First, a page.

Maybe not until he encounters the heart of the film, a 12-year-old prostitute named Iris (14-year-old Oscar nominee Jodie Foster). It's clear to Travis: here's someone who needs saving, who needs my help. He can't change the world but he can right this one wrong, can't he? Contrary to his first thoughts about her, she doesn't really want or need saving. Twelve years old and she's already accepted her fate in this miserable world, with no hope of climbing to something better. Travis can't take it anymore, and acts out.

"My whole life has pointed in one direction."

His assassination attempt on the presidential candidate for whom Betsy works was apparently the instigator for John Hinckley, Jr., in a similar attempt on Reagan, which Hinckley deliriously hoped would win him the love of the teenaged Foster. It's hard to watch the film now without registering that dementia that came along with it, but that happened four years after the film's release. The context at the time was similar attempts on President Ford's life in September 1975. It's a chilling look into what possesses someone to go that far, but I think the question Scorsese is proposing is: how far from reality (and from us) is Travis Bickle? Can we blame his upbringing? His post-traumatic stress disorder? His insomnia? Is it mental illness, or is he merely a product of his environment?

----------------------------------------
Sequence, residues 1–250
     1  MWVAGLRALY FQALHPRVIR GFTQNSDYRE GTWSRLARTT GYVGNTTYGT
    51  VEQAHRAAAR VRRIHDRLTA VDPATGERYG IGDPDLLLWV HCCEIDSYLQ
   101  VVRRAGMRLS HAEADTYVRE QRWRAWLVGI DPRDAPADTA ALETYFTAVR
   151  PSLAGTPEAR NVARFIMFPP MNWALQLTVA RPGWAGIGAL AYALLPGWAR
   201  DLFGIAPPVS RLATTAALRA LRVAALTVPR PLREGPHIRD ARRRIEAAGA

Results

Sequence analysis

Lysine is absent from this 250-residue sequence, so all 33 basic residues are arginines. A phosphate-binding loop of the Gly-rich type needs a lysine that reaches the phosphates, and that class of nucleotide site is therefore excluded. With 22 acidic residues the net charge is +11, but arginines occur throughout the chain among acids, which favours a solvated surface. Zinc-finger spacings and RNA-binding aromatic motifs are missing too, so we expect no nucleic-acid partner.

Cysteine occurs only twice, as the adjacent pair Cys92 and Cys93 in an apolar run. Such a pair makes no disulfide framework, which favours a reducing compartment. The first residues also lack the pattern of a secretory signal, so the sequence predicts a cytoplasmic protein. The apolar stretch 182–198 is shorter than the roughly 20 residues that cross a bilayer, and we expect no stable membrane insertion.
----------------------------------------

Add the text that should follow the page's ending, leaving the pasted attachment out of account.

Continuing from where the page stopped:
"The days go on and on... they don't end. All my life needed was a sense of someplace to go. I don't believe that one should devote his life to morbid self-attention, I believe that one should become a person like other people."

For all the horror that follows, especially the last twenty minutes of the film, it's important to remember that his intentions really are good. He's only trying to save a little girl. Can we demonize him for that, even if his methods are brutal? Perhaps Scorsese is drawing parallels between Bickle's failed attempt to kill Palantine (the nominee) and the murders of the men in the brothel: both were, in his mind, for the greater good. A morality tale for dark, unsettling times in America. This kind of film is not rewarded by the Academy anymore, but I'm glad to see the AFI took note.

And then there is the beautiful, nearly poetic epilogue, which I won't spoil here... but it provides a great opportunity for interpretation. If Scorsese is making a point about morality here, I think he leaves it open-ended enough that we can't blame him for judging Travis Bickle. The film doesn't justify violence, it tries to explain it. And aren't we all just trying to understand why these sort of things happen?

Not really a film to enjoy, but one to admire -- although I think Scorsese went onto create some truly enjoyable and admirable cinema (Goodfellas and Raging Bull are on the list, but I'd count The Departed as another).

One more to go and then I'm halfway done with the list! Woohoo! And it's a beautiful one, although my memories of it are not great so we'll see how this viewing of it changes my mind. A musical to perk me up: West Side Story is the halfway marker, folks.